12/02/2019 | blockchain,data,GDPR,database management,privacy,technology,

The Building Blocks of the next phase of digital transformation

Remember how you struggled to understand what the internet was? Or more importantly, how its existence was going to impact upon your life? Now on those occasions where we are denied access to it, some of us apparently struggle to even navigate our way to work. In other words what had once seemed an impenetrable concept has now become de rigueur in our daily lives.

Now there is another new kid in town. Blockchain. And once more with blockchain comes a sea of puzzled faces as people try to bend their heads around what it is. And does it really impact on me anyway?

Data is fundamentally at the heart of what MRM does. Without it we can’t identify what stock we are holding or where it is located. Without it we don’t know who we are sending the stock on to. And without it we can’t correctly allocate the millions of Pounds and Euros of recompense, cashback and reward that our digitally-driven promotional campaigns create. But databases are vulnerable. Because of the nature of the invaluable personal and financial information our databases tend to contain, they are open to corruption and inconsistency. And that is a great point to start to realise the true value that blockchain represents to a business like ourselves.

In simple terms, a blockchain is a network that hosts a shared distributed ledger or database. Because it holds data that is shared across its network of nodes, a blockchain offers greater integrity, availability and transparency; once data is written in to a blockchain it cannot be rewritten or deleted and so provides an immutable audit trail. The cryptographic algorithms that are applied when adding content authenticate entries through a mechanism known as consensus, such that a blockchain can only be updated if multiple peers within the network agree that each transaction is valid.

To date of course, this technology has been fundamentally aligned with crypto currencies. But the application of this technology goes potentially beyond financial; particularly given the secure, transparent and auditable model that it represents. Think of its value in being applied to copyright and intellectual property protection. Or imagine being able to scan food in a supermarket to truly establish its provenance, time to market, full ingredients, promotional offers. In recruitment the ability to truly verify the work experience claimed on a CV goes way beyond current social media platforms.

For MRM, work has already begun on exploring how we can create blockchains of our own to enhance the systems we need to support payment systems and promotional mechanics. Many promotions require proof of purchase – till receipts, codes – for the purposes of validation. Although we currently utilise adapted software to automatically scan receipts, manual verification is still required to try and identify potential fraudulent activity. Blockchain could provide a permanent record of a product’s history through the supply chain. Each product would require a unique identifier (or GTIN) that related to product description that could be recorded as an asset on the blockchain. Each movement – including sale – can then be recorded onto the chain. By linking purchaser details with asset ID, the information can be used for the recording of warranty details, conducting recalls, fulfilling promotional rewards – all providing the brand owner with deeper levels of consumer engagement. And where proof of purchase is required, the asset ID will provide verification of the type of product (important where the promotion may require qualifying product types), the date and time of purchase (again, to match to the set promotional period), where the sale was made and which retailer it was made through. And once verified, the reward could be gift or points linked to a cryptocurrency token.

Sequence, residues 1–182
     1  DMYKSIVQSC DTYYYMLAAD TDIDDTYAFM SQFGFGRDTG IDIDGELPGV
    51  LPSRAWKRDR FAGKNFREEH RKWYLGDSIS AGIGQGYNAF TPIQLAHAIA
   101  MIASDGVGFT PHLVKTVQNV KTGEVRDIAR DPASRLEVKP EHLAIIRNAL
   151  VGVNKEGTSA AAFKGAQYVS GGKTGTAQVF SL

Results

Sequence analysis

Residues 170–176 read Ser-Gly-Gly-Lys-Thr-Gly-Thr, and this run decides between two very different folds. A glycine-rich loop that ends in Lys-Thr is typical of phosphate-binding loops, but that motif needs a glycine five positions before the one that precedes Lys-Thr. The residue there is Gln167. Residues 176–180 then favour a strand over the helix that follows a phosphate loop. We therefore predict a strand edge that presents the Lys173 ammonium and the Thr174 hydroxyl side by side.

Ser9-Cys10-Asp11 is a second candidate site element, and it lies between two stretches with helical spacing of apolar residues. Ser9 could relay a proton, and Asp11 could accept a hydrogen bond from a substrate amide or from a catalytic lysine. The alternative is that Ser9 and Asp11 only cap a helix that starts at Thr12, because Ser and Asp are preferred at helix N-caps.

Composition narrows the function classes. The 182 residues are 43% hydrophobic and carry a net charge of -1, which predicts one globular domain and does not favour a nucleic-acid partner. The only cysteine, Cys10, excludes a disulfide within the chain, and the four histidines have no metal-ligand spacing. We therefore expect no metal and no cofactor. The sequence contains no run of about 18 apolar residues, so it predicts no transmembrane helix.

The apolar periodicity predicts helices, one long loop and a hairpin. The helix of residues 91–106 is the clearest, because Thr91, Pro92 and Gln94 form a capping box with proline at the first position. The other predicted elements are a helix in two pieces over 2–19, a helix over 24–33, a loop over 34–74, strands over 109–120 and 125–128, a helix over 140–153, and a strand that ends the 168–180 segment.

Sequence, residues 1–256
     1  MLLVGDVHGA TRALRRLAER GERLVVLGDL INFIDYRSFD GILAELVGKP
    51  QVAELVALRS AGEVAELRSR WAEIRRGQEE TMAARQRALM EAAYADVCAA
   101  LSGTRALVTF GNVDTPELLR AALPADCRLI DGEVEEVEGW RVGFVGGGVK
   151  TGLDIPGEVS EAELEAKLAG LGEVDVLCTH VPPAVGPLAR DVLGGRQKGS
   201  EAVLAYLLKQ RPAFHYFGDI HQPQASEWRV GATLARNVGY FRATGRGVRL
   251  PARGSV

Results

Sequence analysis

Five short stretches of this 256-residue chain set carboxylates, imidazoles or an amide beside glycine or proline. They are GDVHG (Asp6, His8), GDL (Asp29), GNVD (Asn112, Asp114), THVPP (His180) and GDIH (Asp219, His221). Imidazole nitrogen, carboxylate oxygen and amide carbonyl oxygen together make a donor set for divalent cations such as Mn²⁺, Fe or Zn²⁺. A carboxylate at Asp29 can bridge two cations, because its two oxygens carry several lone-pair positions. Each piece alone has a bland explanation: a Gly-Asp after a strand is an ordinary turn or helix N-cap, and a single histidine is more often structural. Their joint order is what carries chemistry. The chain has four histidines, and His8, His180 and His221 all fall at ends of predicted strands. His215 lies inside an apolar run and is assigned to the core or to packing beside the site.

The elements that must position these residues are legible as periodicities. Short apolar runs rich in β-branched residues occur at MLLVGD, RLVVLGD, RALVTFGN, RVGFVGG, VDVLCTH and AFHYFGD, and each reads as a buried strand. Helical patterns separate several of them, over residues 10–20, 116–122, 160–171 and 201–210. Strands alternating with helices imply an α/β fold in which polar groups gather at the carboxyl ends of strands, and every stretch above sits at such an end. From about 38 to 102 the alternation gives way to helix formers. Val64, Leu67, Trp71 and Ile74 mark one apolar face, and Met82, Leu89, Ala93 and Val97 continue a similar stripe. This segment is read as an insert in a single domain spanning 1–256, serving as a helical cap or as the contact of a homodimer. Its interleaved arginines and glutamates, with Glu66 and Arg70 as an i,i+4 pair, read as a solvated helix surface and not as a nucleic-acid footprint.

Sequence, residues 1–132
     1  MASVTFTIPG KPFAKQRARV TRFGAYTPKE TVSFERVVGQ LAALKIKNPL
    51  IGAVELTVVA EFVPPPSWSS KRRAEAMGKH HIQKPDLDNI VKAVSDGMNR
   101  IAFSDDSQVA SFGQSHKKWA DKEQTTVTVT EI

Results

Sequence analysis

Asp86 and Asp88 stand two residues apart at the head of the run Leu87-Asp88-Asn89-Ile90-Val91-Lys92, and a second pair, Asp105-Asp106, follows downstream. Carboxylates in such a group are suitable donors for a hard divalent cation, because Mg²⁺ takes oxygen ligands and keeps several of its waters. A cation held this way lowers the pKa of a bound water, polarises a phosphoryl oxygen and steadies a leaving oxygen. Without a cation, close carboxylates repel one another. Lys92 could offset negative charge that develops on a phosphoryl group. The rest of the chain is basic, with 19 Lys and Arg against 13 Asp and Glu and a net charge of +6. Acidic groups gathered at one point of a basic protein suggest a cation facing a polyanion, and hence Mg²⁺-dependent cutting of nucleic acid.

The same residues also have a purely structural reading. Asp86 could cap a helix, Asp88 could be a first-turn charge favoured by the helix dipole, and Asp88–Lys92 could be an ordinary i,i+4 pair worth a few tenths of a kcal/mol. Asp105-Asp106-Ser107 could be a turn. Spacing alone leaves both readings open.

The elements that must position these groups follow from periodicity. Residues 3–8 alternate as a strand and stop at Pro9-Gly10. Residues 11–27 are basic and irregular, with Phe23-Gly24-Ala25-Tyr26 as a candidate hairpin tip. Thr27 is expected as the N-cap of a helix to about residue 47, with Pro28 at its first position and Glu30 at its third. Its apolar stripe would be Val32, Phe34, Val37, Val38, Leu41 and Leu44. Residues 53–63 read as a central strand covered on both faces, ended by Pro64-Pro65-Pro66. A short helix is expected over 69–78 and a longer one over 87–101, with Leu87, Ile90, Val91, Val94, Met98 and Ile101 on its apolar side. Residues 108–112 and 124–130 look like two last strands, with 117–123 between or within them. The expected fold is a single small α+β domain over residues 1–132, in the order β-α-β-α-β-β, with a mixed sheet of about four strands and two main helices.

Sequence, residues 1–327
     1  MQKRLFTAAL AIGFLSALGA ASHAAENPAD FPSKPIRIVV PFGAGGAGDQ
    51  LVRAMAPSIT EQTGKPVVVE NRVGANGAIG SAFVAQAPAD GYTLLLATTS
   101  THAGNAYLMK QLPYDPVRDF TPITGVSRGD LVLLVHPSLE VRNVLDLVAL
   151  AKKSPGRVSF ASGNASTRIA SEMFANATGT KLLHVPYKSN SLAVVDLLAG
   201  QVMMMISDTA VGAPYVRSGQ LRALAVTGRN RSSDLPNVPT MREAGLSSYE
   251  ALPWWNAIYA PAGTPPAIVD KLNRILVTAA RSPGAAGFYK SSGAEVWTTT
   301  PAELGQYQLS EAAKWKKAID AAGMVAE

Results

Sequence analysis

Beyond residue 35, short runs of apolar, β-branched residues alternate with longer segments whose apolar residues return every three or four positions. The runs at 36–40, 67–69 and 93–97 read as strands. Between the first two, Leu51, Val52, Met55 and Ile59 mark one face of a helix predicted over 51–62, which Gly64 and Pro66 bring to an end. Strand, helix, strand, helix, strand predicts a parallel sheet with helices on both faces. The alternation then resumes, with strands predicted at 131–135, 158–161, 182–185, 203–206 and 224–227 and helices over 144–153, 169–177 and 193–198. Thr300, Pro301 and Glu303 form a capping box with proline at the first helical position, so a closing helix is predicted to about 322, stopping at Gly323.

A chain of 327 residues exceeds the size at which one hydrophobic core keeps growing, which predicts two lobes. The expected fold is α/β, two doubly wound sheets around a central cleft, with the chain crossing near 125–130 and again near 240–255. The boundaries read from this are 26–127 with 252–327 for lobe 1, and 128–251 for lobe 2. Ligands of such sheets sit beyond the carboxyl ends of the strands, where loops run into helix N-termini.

Blockchain should also enhance the consideration of coupons as a frontline promotional mechanic. Personalised coupons can increasingly be validated through epos, reducing the burden on tier one retailers to clear them. And with validation against actual shopping basket purchases effectively eradicates malredemption, blockchain offers us the ability to further track personalised coupons featuring unique PINs and standard barcodes. By recording the issue of coupons on a blockchain, EPOS validates each coupon being redeemed and validates on the blockchain to allow retailer reimbursement. Coupons are immutably recorded for audit and manufacturers can determine where and when coupons have been redeemed and which customers have used them.

Its very versatility demonstrates that blockchain will develop extensively over the coming years. And for organisations like ourselves, the ability to challenge and deliver against current flawed processes will help us and our clients continue to embrace positive digital change.

If you would like to hear more about how Blockchain technology can improve your brand activity, why not give Marc Rigby at MRM a call – 01858 410510 or drop him an email at marc.rigby@mrm.co.uk

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